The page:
Professor Homeyra Sadaghiani from Cal Poly Pomona presented her research on 'inverting the classroom' and the effects on student conceptual learning and attitudes about physics.

An 'inverted' or 'flipped' classroom uses class time to engage in learning activities that are cognitively demanding including class discussion and peer instruction. Traditional class time content such as lecture is moved out of the classroom and facilitated by multimedia learning modules that also help hold students accountable for their work.

Homeyra's results suggest that student understanding improved in her inverted classrooms and that the students also found lectures to be more valuable compared to students in traditional classrooms. Homeyra has plans to explore implications of learning this way including demographic impact and how students manage their out-of-school responsibilities with their physics learning priorities.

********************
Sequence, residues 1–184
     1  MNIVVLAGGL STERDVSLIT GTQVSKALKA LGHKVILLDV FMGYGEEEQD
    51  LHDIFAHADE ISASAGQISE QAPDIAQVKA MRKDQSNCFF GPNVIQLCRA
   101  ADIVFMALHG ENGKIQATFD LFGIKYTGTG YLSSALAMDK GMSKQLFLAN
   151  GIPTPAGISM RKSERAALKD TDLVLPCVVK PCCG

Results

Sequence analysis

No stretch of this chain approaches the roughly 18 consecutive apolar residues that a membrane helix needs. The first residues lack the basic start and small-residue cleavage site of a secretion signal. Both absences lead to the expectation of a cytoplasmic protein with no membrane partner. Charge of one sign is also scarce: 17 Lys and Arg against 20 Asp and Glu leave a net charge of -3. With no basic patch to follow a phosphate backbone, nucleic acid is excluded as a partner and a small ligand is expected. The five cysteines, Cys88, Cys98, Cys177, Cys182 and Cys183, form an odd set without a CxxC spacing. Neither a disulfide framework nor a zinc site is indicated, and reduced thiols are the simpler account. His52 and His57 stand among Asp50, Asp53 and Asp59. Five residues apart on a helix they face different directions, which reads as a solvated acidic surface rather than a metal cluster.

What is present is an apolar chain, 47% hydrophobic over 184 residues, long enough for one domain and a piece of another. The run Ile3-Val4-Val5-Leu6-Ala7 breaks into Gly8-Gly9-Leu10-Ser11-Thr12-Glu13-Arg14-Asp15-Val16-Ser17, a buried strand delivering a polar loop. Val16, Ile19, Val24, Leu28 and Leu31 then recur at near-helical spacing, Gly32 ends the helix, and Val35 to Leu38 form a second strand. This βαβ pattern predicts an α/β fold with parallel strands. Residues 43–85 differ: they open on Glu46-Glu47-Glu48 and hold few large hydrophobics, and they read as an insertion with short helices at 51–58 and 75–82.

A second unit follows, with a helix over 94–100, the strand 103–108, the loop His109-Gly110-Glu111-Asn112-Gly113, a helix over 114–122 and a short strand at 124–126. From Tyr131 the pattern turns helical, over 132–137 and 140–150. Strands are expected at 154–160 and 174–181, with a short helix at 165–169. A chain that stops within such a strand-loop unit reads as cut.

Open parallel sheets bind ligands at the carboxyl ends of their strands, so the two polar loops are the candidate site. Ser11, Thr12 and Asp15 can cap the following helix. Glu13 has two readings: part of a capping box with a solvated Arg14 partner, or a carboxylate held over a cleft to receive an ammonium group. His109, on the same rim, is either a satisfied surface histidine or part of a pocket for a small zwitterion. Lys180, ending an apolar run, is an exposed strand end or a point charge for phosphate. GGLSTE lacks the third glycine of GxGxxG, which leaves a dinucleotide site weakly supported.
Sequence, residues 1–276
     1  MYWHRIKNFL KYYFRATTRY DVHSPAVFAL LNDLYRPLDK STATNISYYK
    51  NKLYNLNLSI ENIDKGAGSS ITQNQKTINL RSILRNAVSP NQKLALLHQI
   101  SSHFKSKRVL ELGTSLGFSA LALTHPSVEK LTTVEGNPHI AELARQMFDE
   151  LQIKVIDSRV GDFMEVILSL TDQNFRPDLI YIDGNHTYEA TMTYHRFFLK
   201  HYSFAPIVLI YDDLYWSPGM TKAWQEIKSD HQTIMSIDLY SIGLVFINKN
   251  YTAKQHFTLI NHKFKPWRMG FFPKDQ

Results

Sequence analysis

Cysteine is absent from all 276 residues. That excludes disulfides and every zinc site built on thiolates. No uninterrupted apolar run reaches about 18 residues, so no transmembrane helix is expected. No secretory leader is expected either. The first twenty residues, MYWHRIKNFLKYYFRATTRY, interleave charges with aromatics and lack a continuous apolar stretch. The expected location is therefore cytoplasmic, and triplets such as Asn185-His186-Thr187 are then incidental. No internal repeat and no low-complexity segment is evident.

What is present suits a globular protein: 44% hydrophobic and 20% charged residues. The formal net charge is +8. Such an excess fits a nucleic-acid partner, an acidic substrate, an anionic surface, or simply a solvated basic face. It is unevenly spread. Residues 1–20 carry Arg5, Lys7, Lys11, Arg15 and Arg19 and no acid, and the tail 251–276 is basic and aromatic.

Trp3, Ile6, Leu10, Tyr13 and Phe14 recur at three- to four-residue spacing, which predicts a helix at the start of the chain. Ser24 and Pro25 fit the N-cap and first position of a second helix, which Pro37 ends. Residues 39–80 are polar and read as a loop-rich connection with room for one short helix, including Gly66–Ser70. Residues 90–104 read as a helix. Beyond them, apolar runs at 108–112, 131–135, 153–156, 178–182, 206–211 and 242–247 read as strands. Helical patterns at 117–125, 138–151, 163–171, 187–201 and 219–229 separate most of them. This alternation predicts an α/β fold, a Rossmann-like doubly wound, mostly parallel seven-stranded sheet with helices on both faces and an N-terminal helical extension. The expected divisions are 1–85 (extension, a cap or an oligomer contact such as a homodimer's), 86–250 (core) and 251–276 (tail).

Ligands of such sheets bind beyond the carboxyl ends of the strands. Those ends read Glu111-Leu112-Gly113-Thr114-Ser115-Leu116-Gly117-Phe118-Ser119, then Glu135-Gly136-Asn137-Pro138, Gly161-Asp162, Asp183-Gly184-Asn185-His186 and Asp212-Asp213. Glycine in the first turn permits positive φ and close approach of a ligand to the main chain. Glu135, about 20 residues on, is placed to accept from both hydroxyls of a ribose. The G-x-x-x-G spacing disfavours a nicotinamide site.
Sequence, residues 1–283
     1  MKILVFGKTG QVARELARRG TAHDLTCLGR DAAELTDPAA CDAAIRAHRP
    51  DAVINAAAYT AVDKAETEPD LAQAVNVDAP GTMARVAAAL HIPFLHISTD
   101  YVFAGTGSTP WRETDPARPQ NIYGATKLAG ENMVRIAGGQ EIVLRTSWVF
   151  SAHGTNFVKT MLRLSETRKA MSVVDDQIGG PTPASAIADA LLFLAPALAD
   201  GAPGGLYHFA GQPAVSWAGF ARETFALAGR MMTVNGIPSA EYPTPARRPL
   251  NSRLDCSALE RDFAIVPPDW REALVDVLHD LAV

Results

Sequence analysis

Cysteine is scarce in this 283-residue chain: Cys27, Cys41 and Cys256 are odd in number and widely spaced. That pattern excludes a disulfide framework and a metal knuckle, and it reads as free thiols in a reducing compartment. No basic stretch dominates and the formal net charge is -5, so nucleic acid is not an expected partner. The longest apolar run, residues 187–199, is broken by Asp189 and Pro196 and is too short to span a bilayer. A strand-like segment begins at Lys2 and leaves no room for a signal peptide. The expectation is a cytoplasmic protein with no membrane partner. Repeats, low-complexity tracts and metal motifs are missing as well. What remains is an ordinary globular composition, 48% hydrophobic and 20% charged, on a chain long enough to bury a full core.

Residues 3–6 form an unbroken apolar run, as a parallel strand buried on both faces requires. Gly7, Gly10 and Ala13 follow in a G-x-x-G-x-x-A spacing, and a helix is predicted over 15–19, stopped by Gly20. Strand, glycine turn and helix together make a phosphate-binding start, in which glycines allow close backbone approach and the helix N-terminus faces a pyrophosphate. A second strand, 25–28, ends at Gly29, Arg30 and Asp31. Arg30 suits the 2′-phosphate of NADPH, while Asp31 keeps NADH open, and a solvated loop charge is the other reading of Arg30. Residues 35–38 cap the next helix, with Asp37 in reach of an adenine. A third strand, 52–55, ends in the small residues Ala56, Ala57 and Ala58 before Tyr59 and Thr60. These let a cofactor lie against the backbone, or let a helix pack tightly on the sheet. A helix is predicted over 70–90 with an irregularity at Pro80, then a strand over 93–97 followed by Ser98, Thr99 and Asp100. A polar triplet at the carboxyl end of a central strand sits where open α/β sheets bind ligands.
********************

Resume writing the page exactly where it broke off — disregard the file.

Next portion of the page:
Professor Sadaghiani is planning to spend a sabbatical in the coming year at CSUF conducting physics education research in our Catalyst Center.